Great article, it coveres exactly the feeling I have with some of the so much liked web 2.0-thingy's. After the community is done, you keep the most boring and safe stuff around - while the most cool and needy things are lost in 'translation'.

On the other hand u might need to ask yourself: isn't this dumbness of crowds exactly what many people do all day long? Adopting to the value's, meaning and opinion of others? It's propably very 'human' to just concensus things out and accepting the middle of the road-leftovers :-)

Posted by: Nigel | Jan 3, 2007 2:48:05 AM

Great post (and very nice spider graphs too!)

I particularly like this quote -"an individual best achieves optimal stupidity on those rare occasions when one is both given substantial powers and insulated from the results of his or her actions" -yet another reason why the quantitative pre-testing of advertising is fatally flawed.

Posted by: Jason Lonsdale | Jan 3, 2007 4:02:36 AM

I haven't read the rest of the article yet, but great first sentence about getting an "I" poked out! :)

Posted by: Keith Handy | Jan 3, 2007 4:35:06 AM


An interesting and challenging post, as usual.

As a Brit who lives in Europe and who has worked all over the world, I see the 'we' in the wisdom of the crowd vs. the 'I' in individual or Internet as very much a cultural thing.

Geert Hofstede's work on 'cultural dimensions' identifies five core dimensions through which to look at national or company cultures. It should be no surprise that the USA comes out very strongly on one of the dimensions, 'individualism' compared to say Japan, Germany, or much of the rest of the world. See http://www.geert-hofstede.com/geert_hofstede_resources.shtml for more details.

People from highly individualistic cultures often challenge the value of collective action due to their inherent cultural biases. The same happens in reverse in colective cultures of course, albeit to a lesser extent.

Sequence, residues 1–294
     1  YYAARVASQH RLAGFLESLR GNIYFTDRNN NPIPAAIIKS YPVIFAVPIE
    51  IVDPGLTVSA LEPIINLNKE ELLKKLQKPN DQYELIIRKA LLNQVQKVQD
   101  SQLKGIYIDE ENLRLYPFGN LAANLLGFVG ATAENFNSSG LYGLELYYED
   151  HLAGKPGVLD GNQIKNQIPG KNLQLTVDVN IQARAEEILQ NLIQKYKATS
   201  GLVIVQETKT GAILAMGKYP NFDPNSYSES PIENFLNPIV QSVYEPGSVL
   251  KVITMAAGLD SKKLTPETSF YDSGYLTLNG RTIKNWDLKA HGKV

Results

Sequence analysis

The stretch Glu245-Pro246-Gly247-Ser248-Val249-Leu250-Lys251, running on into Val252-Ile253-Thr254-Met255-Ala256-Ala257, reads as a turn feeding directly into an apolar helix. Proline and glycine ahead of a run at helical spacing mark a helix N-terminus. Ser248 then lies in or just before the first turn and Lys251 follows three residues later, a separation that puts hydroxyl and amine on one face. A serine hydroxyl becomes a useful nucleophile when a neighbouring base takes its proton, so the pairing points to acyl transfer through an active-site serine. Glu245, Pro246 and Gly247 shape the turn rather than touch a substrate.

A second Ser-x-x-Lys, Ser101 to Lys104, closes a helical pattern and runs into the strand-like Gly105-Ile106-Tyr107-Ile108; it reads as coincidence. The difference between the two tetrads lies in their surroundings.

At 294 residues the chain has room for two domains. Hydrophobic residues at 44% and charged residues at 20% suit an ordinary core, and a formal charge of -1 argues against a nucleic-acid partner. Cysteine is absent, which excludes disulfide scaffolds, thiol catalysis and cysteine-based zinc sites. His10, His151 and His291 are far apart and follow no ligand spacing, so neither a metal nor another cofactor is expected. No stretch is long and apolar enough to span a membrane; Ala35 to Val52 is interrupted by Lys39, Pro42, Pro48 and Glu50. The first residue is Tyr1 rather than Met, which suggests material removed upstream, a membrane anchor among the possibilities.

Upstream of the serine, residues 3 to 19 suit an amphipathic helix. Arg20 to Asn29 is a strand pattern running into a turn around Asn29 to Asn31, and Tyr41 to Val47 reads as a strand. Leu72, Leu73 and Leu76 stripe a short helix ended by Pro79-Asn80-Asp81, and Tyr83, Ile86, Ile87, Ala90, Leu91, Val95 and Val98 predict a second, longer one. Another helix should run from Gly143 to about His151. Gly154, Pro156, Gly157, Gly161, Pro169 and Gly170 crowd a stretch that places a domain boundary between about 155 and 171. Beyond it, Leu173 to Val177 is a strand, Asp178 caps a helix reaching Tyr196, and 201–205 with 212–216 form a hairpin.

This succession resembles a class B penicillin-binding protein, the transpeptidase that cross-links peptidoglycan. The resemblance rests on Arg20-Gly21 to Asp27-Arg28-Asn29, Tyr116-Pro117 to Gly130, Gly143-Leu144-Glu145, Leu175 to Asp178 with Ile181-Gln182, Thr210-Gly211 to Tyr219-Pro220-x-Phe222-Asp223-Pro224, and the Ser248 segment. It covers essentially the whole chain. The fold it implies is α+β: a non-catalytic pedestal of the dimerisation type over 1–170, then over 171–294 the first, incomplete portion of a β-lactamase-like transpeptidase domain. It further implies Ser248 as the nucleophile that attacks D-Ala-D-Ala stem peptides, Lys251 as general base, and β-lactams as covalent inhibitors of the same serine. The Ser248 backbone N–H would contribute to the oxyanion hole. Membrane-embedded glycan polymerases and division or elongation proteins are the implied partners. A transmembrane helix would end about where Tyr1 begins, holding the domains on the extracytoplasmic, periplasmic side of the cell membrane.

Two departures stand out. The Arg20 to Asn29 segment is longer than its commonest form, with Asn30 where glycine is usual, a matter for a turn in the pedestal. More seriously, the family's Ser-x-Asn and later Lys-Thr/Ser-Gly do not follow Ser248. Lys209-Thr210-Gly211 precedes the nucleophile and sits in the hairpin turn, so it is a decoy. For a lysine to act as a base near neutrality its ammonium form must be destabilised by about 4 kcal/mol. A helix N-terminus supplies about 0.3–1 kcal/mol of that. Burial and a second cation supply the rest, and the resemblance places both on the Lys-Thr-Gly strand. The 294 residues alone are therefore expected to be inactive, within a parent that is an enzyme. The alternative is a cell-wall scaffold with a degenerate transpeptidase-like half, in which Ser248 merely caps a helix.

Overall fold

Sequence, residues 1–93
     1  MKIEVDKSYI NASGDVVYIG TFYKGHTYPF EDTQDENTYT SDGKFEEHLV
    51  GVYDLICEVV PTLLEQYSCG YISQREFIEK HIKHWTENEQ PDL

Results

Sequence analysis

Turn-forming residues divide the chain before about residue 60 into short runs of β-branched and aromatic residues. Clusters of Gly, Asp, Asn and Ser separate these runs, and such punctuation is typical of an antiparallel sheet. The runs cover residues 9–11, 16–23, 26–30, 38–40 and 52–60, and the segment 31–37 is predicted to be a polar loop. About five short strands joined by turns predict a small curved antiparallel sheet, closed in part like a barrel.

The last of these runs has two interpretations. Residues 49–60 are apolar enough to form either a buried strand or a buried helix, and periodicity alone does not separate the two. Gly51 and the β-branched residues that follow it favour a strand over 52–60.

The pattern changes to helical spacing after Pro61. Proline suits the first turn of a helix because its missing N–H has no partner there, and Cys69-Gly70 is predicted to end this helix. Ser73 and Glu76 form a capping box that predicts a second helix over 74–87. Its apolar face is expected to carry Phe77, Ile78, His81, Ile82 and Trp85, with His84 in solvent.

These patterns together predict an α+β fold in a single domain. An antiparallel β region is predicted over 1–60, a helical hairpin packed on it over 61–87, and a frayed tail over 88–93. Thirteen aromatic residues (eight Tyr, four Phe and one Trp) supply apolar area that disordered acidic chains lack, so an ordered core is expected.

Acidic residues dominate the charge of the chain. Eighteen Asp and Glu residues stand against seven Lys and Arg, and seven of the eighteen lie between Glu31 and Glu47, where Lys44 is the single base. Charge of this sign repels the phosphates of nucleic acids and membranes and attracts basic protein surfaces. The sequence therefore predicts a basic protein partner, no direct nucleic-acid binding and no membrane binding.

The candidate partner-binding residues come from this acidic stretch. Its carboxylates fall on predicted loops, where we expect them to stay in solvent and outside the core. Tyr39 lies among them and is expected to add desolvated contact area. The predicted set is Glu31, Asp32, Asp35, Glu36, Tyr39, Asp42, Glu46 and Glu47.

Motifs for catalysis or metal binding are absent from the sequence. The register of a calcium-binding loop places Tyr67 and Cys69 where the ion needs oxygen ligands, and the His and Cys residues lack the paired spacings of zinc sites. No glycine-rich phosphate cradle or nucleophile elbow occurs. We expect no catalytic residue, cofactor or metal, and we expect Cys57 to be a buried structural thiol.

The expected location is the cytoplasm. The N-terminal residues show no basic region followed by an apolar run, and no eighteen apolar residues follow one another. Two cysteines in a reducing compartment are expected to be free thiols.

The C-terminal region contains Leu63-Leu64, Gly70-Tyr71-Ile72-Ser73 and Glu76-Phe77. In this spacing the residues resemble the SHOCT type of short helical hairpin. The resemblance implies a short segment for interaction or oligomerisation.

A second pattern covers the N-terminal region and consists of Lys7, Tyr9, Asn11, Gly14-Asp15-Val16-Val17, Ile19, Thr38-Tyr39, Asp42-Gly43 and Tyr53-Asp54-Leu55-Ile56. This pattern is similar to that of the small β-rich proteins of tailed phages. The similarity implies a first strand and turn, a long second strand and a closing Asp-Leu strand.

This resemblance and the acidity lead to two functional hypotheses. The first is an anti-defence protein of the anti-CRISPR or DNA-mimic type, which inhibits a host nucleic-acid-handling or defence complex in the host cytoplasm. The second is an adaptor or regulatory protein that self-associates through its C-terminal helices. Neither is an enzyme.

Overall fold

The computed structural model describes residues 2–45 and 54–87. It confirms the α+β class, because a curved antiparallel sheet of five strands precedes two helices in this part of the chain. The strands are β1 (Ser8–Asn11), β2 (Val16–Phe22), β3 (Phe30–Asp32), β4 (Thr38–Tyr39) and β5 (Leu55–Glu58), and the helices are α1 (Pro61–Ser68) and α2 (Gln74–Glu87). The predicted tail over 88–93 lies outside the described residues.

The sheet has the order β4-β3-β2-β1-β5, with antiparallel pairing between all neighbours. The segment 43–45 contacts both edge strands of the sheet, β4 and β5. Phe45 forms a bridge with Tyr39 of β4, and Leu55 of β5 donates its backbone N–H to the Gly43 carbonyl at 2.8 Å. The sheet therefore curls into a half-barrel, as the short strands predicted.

The real challenge, as you point out, is in identifying how to make collective intelligence through collaboration work better. Surowiecki's book is a good start. The Center for Collaborative Organisations at the Uni of North Texas' workbooks are much better. But making collaboration work in individualistic cultures is difficult. Witness the general failure of TQM in the 1980s.

Graham Hill

PS. Rather than Apple, which is a relatively unimportant company in the larger scale of things, perhaps you should have contrasted the failure of individualistic companies like GM and Ford with the success of collective companies like Toyota.

Posted by: Graham Hill | Jan 3, 2007 4:50:37 AM

This must be one of the best things written about Web 2.0 I've seen. Your "collective intelligence is about..." vs. "dumbness of crowds..." contrasts are right on the money.

Posted by: Larry Sanger | Jan 3, 2007 6:28:50 AM

Sometimes a rant is inevitable! Good summary of the REAL wisdom of crowds, and the necessary constraints that enable it. I get pretty frustrated with people who don't know the facts passing judgement on what can be a very useful idea. Thanks for saying it well!

Posted by: Robert Hruzek | Jan 3, 2007 6:46:02 AM

Forget the dog. Let's use a real life example.

If all the members of the Perl Lover's Society got together to design a programming language... what would you get?


Posted by: Daniel Berger | Jan 3, 2007 8:03:31 AM

I would have to disagree with Graham; the failure of companies like GM has more to do, I think, with the attempt to follow the "crowd"--whereas when they were directed by strong individuals such as Lee Iacocca, they were saved from a more premature failure.